“I wonder whether I would ever be asked that question if I were a man. Probably not. That question, and whether people ask it is a kind of litmus."
Representation of women and marginalised groups in general in art has to change.
“You can’t do a show of 15, and have four women, and no people of colour. [In a New Zealand context] if we are the avant garde that we say we are we should be leading the charge and providing a whole new framework.
“And it’s not enough to insert women into shows or other minorities into an existing structure. We have to change the whole game. I don’t really know what that new game would look like, but it’s about shifting the parameters, questioning who sets the conditions and who they’re serving.”
It’s these issues, gender and structural order in particular, that runs throughout her work.
For the everyday philistine, Buchanan’s installations have an architectural feel that’s riddled with bold gestures that are accented with a variety of different colours and materials. One could even argue it is visually tantalising. “And that’s the point,” she says.
“The purple plastic, [for her Walters Prize entry, Bad Visual Systems], is important. You might think of a whole variety of things, a sex club, or a butcher, a lab, or industrial connotations. But In its most basic form it’s purple and shiny and I feel thrilled when people say, ‘I loved that, purple it made me feel good’.
“My work can sometimes feel complicated. It’s not set up for sound bites, I’m interested in that, that it might be resistant to documentation for example. I want it to be complicated, this complexity is on purpose and is to reflect the complexity of our lives.”
There’s also a language element, which activates the environment, in order to draw people into what is often years’ worth of research and process.
Bad Visual Systems took a total of 10 years, she jokes. Perhaps naff, she says, but this iteration was a really strong compression of her work and concerns over the last few years. “I feel really great about it. It felt like a really solid generative statement.”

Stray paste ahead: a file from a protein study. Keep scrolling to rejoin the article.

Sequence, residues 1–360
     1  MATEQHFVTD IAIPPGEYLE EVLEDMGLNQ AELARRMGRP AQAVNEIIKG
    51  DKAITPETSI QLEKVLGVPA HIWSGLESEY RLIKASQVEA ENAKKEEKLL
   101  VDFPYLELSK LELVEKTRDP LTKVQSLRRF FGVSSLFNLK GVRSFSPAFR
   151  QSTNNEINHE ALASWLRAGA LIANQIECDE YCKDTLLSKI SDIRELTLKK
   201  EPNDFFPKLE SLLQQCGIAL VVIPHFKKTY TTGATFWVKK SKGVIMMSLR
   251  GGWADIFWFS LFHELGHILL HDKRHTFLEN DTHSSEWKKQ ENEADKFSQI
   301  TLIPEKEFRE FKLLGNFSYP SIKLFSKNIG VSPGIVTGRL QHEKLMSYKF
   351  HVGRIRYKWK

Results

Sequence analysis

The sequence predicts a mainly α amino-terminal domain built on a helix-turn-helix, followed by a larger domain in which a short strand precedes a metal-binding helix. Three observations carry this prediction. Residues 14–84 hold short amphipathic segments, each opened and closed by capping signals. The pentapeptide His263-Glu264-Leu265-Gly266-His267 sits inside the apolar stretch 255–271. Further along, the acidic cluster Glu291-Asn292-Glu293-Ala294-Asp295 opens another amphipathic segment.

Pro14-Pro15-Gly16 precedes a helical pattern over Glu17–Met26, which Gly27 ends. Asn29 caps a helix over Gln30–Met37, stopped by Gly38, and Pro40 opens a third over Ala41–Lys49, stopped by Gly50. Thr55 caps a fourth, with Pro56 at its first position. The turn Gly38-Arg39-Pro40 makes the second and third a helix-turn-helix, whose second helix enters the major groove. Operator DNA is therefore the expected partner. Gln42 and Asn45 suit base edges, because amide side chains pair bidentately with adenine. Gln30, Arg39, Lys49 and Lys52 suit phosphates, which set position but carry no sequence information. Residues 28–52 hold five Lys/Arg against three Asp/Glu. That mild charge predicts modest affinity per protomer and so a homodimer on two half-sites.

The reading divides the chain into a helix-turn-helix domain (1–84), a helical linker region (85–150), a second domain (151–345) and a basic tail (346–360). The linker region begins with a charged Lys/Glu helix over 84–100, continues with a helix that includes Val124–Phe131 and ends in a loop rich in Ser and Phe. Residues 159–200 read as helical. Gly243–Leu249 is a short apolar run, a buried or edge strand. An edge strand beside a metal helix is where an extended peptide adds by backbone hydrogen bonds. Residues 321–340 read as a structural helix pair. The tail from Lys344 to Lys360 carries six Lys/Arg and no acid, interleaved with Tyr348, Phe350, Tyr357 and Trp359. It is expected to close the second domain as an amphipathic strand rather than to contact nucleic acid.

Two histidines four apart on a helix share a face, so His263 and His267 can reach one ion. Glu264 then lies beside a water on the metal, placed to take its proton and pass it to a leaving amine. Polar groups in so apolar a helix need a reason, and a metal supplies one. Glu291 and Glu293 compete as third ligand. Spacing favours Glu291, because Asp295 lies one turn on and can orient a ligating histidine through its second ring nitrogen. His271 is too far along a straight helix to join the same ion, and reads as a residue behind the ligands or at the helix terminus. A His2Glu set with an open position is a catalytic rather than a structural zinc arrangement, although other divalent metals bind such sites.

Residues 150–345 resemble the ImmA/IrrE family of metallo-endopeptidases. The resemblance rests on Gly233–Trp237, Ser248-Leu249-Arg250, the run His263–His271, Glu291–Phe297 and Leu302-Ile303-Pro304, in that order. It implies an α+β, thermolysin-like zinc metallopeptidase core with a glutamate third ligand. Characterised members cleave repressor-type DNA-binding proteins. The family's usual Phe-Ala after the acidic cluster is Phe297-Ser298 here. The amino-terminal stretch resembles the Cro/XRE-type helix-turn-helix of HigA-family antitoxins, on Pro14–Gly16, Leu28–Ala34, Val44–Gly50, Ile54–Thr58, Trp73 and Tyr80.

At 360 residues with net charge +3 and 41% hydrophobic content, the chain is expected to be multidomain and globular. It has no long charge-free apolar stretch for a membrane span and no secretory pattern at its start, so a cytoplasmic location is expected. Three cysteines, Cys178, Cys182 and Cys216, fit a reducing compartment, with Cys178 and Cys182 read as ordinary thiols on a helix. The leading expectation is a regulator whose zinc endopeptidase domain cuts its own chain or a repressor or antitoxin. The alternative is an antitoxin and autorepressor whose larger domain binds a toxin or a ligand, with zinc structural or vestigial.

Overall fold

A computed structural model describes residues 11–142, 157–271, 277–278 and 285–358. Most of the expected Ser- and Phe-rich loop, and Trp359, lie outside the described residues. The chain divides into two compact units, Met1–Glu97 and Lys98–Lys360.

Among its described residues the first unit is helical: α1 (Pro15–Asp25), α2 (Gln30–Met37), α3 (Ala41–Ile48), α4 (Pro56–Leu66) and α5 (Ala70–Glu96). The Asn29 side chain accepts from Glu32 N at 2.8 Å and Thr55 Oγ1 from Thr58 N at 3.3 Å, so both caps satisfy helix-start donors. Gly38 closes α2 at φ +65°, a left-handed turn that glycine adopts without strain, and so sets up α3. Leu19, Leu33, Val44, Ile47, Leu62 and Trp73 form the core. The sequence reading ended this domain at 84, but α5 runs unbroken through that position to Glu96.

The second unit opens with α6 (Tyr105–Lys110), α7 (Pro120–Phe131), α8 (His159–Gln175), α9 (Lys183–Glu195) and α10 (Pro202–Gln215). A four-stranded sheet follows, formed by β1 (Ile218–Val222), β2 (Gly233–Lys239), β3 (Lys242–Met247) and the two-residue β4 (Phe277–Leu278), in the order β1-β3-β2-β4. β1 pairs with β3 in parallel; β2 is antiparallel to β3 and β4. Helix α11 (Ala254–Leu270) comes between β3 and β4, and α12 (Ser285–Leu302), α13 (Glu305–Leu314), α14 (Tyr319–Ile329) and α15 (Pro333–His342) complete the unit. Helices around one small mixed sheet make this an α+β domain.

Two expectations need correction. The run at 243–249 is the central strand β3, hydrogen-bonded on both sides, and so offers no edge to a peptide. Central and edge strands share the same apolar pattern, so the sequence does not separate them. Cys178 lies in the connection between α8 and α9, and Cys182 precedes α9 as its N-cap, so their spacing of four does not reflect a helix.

While the $50,000 prize may seem a lot for some, it means Buchanan can continue projects for the next while.
She’s working on a show for Hopkinson Mossman that will show in March next year, and she’s got two shows thereafter, one in the Netherlands, and the other in Germany.
“It’s funny, my sister asked me, ‘but what does this award really mean, in a literal sense?’ I don’t know, it feels good, I guess. I feel good. It was a huge surprise, I think I looked like an insane person. It’s really cool that a project like mine could get that recognition. It feels very significant to me.”
And does she plan on returning to New Zealand? Not sure, she says. “For some of us, once you’ve made a particular set of decisions follow up options change.
“When I first left New Zealand in 2003, the terrain of the art world was very different than it is in New Zealand now, there was the desire for me to be surrounded by a diverse set of inputs [I] felt that I needed more anonymity.
“It’s also really important for me to maintain conversations in New Zealand. I still feel like that’s my community. I don’t really think that I’m part of a long-term international arts story, but I do hope that I can contribute to New Zealand’s art history.”
Bad Visual Systems is on exhibition at Auckland Art Gallery Toi o Tāmaki as part of the Walters Prize 2018 exhibition until 28 January 2019.